However, in the case of concentric combinations, it is necessary to alternately change the winding direction or to secure a certain gap between the springs so that the springs do not get entangled.
Also, by devising a combination of springs, it is possible to create nonlinear spring characteristics as shown in the figures a and b below.
For example, in the event the spring characteristics shown in Fig3 are required, it is necessary to combine springs with different free lengths or solid loads in series. The spring characteristics shown in Fig4 can be obtained by inserting a spring into the mechanism shown in Fig5 and making a combination of [upper spring constant] < [lower spring constant].
Fig5 Mechanism for Obtaining Special Spring Characteristics
When a load is applied to the spring, its energy gets accumulated in the spring.
Energy (U) accumulated in the spring corresponds to the area surrounded by the load (P) – the displacement (δ) curve in Fig6.
Fig6. Energy Accumulated in the Springs
Formula 3
This is generally known as the spring accumulated energy formula.
Formula 4
Formula 4 is when there is a linear relationship between the two, as shown in (a) above. In other words, it is only in the case of Formula 5 below.
Formula 5
The accumulation and release of energy as shown in (a), (b), and (c) of Fig6 when load is applied and removed, generally passes through the same load-displacement curve (straight line), and so all the energy accumulated by applying a load is released in the process of removing the load. However, in the case of a spring characteristic with a hysteresis loop as shown in Fig6 (d), the energy of the area surrounded by the loop is consumed in one cycle from when the load is applied to when the load is removed.
When a spring is subject to a load, deformed, or a force is applied and the force is removed, the spring vibrates. The frequency of this vibration differs depending on the spring, and each has its own unique frequency. When the mass of the spring itself is m, its natural frequency (f) can be represented as follows.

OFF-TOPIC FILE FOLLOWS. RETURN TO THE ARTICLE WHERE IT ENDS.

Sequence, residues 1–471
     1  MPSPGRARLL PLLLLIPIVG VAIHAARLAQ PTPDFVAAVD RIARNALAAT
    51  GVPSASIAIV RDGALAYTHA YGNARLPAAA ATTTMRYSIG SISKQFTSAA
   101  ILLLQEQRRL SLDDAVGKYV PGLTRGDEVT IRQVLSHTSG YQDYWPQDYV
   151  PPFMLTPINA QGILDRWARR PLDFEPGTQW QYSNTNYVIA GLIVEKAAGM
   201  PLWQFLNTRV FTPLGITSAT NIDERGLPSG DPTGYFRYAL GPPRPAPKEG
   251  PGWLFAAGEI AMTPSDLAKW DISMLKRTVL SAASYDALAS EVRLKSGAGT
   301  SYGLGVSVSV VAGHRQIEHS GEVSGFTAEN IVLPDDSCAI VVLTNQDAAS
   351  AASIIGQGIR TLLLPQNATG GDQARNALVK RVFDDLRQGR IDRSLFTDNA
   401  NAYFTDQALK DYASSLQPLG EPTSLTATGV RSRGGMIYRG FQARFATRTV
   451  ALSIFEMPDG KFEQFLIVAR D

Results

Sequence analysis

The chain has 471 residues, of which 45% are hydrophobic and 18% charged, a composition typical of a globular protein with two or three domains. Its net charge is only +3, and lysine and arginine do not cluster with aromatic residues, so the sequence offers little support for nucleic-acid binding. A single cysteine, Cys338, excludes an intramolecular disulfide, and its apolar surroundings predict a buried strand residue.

Formula 6
Here, α is a constant that depends on the conditions for fixing the spring and the direction of vibration.
As shown in Fig7, 8, 9, and 10, the natural frequency (f0) when an object of mass (m) is fixed by a spring of mass (ms) and the object is vibrated can be represented as follows.
Formula 7
(Here, we will also explain this in the case of leaf springs.)
As the spring mass (ms) is often smaller than the mass (m) of the object, it is generally considered to be β = 0. However, when the mass of the spring must be considered, it can be approximated as β = 0.49 in Fig9 or β = 0.37 in Fig10.
When designing a spring, it goes without saying that the spring constant is important, but it is often the case that this natural frequency must also be taken into consideration.
A spring may be used as an effective means to soften the impact of a collision. As the criteria for evaluating the ability to soften a collision, the buffer efficiency (η) is defined as follows.
Formula 8
Here, M is the mass of the collision side, v0 is the collision speed, Pmax is the maximum collision force, and δmax is the maximum displacement on the collision side. The value of η is between 0 and 1. In an ideal case, it is 1, but in that case, the collision efficiency (η) of a spring with a fixed spring constant is 1/2.
When a shaft load is applied to an elongated column, a phenomenon occurs in which the column is suddenly displaced laterally.
This is called buckling.
The load when buckling occurs is called the marginal buckling load.
Also, compression springs buckle when compressing to a certain height if large aspect ratio(Ratio of free height to mean coil diameter).
Buckling of the compression spring does not essentially change from buckling of long column.
By equivalently replacing the compression spring with one pillar on the coil center line, it is possible to analyze in exactly the same way as in the long column.
However, in the case of compression springs, it is necessary to take into account the effects of shear deformation and the change in length of the spring which could be ignored with the long pillar.
In the formula, E is the Young’s modulus, G is the transverse elastic modulus, and D is the mean coil diameter.
As shown in (a) of the fig11, μ is 1 when the both ends of the spring are rotatably supported, and 4 when the both ends are fixedly supported as shown in (b).
In addition, ξ becomes 1 if the section is circular in cross section.
The equation does not include the influence of wire diameter and number of coils, but because it is analyzing it by replacing the spring with a pillar.
According to a strict analysis that takes into consideration the helical structure of the spring, these effects are small with the springs usually used, so this equation is considered practical in practice.
Fig11. The state of supporting for compression springs
Formula 9. Ratio of deflection and free height until buckling of compression spring